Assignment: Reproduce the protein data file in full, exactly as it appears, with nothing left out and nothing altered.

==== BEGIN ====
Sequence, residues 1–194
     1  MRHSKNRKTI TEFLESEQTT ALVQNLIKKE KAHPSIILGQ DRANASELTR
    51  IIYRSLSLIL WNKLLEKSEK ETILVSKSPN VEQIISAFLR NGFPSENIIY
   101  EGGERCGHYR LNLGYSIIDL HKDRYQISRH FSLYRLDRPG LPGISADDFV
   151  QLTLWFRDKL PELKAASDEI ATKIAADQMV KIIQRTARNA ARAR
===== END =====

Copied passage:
Sequence, residues 1–194
     1  MRHSKNRKTI TEFLESEQTT ALVQNLIKKE KAHPSIILGQ DRANASELTR
    51  IIYRSLSLIL WNKLLEKSEK ETILVSKSPN VEQIISAFLR NGFPSENIIY
   101  EGGERCGHYR LNLGYSIIDL HKDRYQISRH FSLYRLDRPG LPGISADDFV
   151  QLTLWFRDKL PELKAASDEI ATKIAADQMV KIIQRTARNA ARAR